Asiatic enemies trampled
A battle scene depicting Asiatic bearded men (West Asia/Eastern Mediterranean) being trampled under the horses that pull the Egyptian royal chariot.
This block with a fragmented scene was discovered (MMA excavations, 1912–13) within the Temple of Ramesses IV, among the foundation where it was being reused as a foundational block.
Some Egyptologists dated this piece to the Ramesside Period at first, but later analysis of the artistry, leads many to now believe this image dates from earlier in the 18th Dynasty, reign of Amenhotep II and such dating is generally accepted.
Builders reused this painted relief block in the foundation of Ramesses IV’s mortuary temple, subsequently excavated by the Metropolitan Museum. In the relief, western Asian soldiers are shown being trampled under the horses that pull the royal chariot, signaling the foreigners’ defeat in battle by the might of the king.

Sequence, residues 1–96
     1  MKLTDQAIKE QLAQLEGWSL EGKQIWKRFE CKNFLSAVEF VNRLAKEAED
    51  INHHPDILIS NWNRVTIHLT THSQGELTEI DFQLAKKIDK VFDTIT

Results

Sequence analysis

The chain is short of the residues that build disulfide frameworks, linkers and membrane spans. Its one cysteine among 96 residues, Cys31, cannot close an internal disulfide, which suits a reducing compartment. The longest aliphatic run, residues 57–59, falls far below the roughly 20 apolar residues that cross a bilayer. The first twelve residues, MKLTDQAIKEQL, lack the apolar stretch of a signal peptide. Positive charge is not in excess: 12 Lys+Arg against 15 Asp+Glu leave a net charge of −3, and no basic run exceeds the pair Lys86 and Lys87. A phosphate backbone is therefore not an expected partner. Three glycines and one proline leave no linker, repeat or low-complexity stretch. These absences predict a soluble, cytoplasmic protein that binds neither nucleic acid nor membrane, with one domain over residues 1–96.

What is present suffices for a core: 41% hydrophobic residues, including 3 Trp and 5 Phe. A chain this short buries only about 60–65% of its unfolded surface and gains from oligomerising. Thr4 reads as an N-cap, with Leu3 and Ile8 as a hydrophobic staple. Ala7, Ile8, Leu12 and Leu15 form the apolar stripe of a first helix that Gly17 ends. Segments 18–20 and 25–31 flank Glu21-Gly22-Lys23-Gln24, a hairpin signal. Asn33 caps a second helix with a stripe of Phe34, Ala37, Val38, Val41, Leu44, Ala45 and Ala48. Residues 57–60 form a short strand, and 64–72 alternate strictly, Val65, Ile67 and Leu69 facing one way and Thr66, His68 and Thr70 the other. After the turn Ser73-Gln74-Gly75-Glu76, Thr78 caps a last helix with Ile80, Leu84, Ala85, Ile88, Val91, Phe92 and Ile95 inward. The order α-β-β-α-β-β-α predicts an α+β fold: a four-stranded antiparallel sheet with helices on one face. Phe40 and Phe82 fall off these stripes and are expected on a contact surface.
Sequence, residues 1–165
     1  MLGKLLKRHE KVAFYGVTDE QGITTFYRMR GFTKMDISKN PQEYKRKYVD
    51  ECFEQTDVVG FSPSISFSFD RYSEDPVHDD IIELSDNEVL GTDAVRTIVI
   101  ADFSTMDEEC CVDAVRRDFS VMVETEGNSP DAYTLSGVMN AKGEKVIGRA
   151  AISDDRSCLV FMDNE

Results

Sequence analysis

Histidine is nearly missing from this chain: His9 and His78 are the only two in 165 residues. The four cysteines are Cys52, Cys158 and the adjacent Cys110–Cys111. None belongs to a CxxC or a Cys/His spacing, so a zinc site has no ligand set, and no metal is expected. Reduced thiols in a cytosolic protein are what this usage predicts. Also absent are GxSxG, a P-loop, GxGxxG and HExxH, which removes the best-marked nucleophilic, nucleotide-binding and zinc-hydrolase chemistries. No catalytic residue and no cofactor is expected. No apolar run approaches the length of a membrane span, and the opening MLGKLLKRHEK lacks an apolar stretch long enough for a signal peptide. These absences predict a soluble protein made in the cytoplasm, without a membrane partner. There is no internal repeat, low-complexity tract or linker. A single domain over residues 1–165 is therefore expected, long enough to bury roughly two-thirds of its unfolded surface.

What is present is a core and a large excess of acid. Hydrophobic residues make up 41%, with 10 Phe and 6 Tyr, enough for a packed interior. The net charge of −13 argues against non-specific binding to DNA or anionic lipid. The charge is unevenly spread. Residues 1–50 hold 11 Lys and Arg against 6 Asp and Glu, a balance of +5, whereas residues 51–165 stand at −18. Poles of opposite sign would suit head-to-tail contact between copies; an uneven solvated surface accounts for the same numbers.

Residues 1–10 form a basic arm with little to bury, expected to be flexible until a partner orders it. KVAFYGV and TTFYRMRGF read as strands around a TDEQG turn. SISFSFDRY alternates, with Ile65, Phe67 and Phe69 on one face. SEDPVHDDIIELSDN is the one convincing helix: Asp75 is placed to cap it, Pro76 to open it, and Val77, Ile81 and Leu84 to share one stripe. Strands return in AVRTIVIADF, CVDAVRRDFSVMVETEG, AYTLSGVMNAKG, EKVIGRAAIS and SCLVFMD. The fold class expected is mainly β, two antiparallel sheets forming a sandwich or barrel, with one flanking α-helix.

When the piece was excavated, this and another fragment of a battle scene were dated to the reign of Ramesses II. The new date indicates that by the middle of the 18th Dynasty, monumental battle scenes had become part of the decorative scheme of temple walls.
New Kingdom, reign of Amenhotep II, c. 1427–1400 B.C. This sandstone block is now on display at the Met Museum in New York City. 13.180.21